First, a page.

Charles Gerhardt was a French chemist born in Strasbourg on August 21, 1816. He first worked as a chemist with Otto Erdmann at the Business School in Leipzig (Germany). After short periods working for his father’s lead factory and the cavalry, he returned to school in 1936, studying chemistry under the guidance of Professor Liebig. He moved to Paris in 1838 where, thanks to the recommendation of Prof. Liebig, he followed the courses taught by Jean-Baptiste Dumas and worked with Auguste Cahours on essential oils (such as cumin) in the laboratory of Michel Eugene Chevreul. At that time, he earned a precarious living by teaching and translating some of Prof. Liebig’s notes.
In 1841, through the influence of Prof. Dumas he obtained the chair of chemistry at the Faculty of Science in Montpellier and was a full professor there from 1844 until 1851. Charles Gerhardt left Montpellier in 1848 for Paris, where he created a School of Practical Chemistry that did not attain any real success. In 1855, he joined the Faculty of Sciences and Polytechnique School in Strasbourg and died one year later on the 19th of August.
Charles Gerhardt’s major achievements were the synthesis of anhydric acids, especially the synthesis of acetylsalicylic acid (aspirin). With his colleague Auguste Laurent (1807–1953), he contributed to the modernization of the methods of chemical formulation by insisting on the distinction between atoms, molecules, and equivalents. Charles Gerhardt introduced the concept of “function” in organic chemistry. Gerhardt’s most important writings are the “Précis de Chimie Organique (1844–1845)” and the “Traité de Chimie Organique (1853–1856)”.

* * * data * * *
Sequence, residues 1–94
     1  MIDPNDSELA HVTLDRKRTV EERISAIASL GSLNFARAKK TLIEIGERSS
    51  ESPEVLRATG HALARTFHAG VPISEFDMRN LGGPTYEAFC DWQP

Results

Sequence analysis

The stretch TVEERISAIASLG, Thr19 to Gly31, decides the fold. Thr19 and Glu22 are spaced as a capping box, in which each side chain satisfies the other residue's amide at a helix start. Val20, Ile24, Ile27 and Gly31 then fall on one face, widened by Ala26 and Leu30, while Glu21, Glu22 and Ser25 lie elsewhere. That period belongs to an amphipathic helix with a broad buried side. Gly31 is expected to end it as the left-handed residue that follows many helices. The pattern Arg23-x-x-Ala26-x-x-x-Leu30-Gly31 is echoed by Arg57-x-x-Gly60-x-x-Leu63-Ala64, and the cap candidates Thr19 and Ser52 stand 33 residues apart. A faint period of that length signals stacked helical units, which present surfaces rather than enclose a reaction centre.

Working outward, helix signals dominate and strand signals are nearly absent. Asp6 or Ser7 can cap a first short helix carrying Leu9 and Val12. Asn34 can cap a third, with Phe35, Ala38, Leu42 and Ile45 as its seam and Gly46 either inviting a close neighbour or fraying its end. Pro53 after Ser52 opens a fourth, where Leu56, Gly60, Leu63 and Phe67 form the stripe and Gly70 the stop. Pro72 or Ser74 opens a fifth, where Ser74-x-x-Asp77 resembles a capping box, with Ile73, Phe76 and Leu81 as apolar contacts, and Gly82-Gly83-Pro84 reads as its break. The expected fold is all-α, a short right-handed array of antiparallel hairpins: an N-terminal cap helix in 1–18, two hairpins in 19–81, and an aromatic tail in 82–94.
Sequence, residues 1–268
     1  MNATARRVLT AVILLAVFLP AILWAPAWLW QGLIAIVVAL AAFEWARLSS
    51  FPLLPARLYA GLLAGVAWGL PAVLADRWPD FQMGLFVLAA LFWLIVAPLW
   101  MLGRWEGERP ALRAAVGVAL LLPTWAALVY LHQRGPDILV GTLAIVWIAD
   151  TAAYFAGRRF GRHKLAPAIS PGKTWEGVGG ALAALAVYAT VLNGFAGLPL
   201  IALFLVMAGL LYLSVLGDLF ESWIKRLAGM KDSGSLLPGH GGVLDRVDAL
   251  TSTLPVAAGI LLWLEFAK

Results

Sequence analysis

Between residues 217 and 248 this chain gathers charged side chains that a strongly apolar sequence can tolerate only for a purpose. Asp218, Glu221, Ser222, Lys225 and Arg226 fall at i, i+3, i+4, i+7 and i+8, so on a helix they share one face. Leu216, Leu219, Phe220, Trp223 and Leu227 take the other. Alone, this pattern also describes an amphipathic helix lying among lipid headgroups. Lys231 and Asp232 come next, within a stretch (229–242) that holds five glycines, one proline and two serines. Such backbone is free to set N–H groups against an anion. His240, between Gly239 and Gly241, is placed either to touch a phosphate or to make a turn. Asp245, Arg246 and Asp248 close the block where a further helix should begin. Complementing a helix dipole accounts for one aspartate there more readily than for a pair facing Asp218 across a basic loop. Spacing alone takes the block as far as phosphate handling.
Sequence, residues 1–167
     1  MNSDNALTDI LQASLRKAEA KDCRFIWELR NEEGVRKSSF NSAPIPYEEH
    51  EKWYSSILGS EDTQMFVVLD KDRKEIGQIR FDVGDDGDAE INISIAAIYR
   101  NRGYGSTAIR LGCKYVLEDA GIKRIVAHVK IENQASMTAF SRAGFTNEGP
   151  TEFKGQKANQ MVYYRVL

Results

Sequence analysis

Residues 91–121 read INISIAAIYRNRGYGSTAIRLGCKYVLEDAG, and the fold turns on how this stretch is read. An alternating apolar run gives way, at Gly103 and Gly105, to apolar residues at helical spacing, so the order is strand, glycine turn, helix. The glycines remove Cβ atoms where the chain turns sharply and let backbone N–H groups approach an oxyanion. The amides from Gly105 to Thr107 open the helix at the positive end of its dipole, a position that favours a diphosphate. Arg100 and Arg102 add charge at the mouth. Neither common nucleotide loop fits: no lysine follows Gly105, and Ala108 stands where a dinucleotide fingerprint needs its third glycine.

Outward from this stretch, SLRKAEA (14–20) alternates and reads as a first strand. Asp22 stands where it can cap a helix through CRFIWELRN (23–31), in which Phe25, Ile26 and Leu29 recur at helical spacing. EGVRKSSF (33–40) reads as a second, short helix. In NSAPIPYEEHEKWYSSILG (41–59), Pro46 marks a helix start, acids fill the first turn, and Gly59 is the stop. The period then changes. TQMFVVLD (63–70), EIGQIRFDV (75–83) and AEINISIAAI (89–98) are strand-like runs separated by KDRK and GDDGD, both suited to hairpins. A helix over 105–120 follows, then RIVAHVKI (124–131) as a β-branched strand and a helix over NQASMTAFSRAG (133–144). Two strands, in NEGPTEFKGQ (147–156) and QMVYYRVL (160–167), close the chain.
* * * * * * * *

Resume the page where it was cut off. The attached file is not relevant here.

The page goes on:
1833–1834: Leipzig (1st thesis), then Researcher Assistant in Prof. Liebig’s group.
1841: Ph.D. Thesis at the Botanical Garden (Jardin des Plantes).
1841–1848: Lecturer at the Faculty of Sciences in Montpellier.
1848–1853: Head of the School of Chemistry in Paris.
1854: Professor at the School of Pharmacy and Faculty of Sciences in Strasbourg.